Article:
It’s interesting comparing what we think now with contemporary consensus. I like to think that, in my historic writing, I tend to err on the side of reporting the contemporary view, rather than taking a retrospective perspective. Take, for instance, the Austin Metro – today’s mainstream view is that it’s funny little hatchback that was loved by old people, rusted away too quickly and tended to break down too much. ‘Fanny in a Metro,’ was how someone described Metro drivers to me recently…
However, step back to 1980 and its launch, and the Metro was seen as the second coming. The excitement in the build up to its launch was palpable and, all over the media, there was continued speculation about how it was going to look, what it would do to the gallon and, most importantly, how it was going to save British Leyland. This clipping sent to me by Julian Marsh, the brains behind the excellent Citroënët website, shows just where the weekly magazine Autocar was in its thinking.
The image of the ADO74 prototype will have been like a bolt from the blue – and it was there to help promote Rob Golding’s upcoming book about the Mini to celebrate its 20th birthday. Little was known about the ADO74 project at the time – the book opened it up, to be extended when the Metro was launched later on – so this would have been news to most readers back in July 1979. The point Autocar made at the time was this smooth-looking hatchback with overtones of the Colt 1400 (what the Mitsubishi Mirage was called in the UK back then) was far more individual looking than the ‘mighty Mini’ was, based on scoop photography at the time.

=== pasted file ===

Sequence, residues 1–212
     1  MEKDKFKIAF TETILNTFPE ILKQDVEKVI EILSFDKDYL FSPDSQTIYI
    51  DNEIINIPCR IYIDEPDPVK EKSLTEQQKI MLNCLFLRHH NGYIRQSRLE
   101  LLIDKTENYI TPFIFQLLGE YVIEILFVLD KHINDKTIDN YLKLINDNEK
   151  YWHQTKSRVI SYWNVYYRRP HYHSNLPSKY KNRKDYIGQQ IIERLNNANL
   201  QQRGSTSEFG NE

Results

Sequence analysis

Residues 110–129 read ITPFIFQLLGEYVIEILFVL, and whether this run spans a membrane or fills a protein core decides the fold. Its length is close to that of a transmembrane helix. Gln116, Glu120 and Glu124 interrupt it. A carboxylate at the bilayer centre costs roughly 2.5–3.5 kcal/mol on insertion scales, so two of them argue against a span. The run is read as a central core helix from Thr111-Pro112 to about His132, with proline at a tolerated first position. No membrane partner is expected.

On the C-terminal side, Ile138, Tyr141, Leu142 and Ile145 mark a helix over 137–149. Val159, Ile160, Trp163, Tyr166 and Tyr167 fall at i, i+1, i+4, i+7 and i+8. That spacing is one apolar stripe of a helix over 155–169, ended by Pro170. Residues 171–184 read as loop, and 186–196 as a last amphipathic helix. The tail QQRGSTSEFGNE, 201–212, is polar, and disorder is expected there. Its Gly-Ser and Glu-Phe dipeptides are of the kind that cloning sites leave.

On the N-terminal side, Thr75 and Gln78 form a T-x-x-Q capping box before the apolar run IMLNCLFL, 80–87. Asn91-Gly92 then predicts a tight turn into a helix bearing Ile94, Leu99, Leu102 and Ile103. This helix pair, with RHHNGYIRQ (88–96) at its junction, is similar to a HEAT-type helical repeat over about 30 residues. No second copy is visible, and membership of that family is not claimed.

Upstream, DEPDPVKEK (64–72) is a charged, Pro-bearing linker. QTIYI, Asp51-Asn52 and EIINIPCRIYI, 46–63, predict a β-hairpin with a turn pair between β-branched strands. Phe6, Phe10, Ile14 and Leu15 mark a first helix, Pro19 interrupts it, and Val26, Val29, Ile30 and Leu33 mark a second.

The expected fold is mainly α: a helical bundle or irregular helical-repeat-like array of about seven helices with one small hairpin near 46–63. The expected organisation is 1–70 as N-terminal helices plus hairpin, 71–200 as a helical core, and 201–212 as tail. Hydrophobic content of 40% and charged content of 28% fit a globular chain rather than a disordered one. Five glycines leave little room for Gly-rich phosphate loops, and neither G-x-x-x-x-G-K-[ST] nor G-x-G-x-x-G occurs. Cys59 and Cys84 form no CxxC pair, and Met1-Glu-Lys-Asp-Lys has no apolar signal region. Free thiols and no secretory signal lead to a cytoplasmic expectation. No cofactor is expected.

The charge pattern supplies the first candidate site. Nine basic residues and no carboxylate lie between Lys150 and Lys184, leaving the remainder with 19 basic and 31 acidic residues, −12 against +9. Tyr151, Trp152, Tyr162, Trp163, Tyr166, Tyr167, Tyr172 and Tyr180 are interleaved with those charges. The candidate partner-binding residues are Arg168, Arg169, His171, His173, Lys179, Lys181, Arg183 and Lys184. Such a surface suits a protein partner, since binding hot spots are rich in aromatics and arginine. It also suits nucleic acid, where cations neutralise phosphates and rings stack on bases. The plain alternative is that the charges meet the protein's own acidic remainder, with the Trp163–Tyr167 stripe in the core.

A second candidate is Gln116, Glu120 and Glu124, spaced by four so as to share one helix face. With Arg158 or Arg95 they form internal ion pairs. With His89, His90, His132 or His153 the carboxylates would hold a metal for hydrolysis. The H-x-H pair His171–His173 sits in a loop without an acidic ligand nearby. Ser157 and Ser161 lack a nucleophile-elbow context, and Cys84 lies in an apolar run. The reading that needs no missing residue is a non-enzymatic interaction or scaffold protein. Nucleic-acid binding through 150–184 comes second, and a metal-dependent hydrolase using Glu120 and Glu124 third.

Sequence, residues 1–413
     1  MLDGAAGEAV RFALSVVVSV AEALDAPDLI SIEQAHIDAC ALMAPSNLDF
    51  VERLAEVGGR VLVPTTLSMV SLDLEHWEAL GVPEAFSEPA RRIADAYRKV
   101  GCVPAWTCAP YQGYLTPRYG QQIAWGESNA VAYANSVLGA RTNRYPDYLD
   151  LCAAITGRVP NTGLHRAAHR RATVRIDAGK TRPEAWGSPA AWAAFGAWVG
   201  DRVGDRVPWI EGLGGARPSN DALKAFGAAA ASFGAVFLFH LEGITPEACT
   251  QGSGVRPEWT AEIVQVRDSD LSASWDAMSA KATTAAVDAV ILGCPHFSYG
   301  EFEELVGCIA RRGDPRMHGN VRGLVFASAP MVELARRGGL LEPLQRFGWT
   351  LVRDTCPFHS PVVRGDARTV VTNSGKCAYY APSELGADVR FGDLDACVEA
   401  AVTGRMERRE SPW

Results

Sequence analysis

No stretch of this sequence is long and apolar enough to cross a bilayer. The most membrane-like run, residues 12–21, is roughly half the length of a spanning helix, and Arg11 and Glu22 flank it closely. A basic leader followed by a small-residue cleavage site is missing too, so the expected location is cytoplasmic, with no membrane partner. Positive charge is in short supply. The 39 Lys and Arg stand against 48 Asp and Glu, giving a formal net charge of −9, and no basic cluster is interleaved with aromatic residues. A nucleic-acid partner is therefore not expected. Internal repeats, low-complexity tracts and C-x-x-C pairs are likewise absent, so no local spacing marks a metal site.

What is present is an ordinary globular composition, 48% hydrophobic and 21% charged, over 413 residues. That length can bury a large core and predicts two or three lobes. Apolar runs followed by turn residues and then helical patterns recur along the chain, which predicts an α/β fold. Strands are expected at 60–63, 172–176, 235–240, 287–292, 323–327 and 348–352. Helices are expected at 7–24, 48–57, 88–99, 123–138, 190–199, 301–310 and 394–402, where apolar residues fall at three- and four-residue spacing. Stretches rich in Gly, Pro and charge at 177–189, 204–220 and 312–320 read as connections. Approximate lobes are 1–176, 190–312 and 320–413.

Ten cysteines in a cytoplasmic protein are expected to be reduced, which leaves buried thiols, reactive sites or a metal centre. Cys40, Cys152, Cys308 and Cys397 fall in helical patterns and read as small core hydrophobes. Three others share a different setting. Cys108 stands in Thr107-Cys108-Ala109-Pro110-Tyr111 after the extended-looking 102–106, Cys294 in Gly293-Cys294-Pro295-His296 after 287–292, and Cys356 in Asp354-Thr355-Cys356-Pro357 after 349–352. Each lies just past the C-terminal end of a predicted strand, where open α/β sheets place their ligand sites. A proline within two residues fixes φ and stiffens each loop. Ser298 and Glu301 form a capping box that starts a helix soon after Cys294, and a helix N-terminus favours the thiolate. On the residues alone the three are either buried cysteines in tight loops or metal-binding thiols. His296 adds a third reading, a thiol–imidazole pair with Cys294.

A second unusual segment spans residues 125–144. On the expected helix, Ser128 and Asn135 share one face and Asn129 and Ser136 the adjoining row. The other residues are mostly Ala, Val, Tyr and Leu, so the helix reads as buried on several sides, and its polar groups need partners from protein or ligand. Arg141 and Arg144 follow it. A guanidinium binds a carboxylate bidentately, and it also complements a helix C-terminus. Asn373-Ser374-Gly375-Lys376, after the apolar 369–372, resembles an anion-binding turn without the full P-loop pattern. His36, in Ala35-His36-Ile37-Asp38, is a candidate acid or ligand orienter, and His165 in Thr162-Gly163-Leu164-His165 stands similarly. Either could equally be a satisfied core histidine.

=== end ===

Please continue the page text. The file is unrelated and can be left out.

Reading between the lines, one gets the sense that, although Autocar had some inside knowledge of the Metro, referring to it by its correct ‘Mini Metro’ moniker, it might not have been as excited by it as the rest of us were. It was almost looking back wistfully at the ADO74, hinting that it was a missed opportunity. Interestingly, that has always been my take on this project and, although we’ll never know what the definitive styling was going to be, there’s no doubt that this technically orthodox, but interestingly-styled supermini was sized and pitched correctly to fight the Ford Fiesta and Volkswagen Polo on equal terms.
Without too many delays (and further funding from the Government), it should have hit the market in around 1977, which would have seen it meet the Fiesta head-on. As it was, the Metro’s launch – some three and-a-half years later cost the company some impetus, even though it was a huge sales success in the UK at least from the moment it was launched. So, the question this poses is a simple one – was Autocar’s view that the non-appearance of the ADO74 was a missed opportunity, a vital stumble, that helped seal the company’s fate? Or was it a great white elephant that was put into perspective by the Metro’s later success?
Today’s commentator might say it was right not to go forward with it, but looking at it from the contemporary standpoint, I’m not so sure.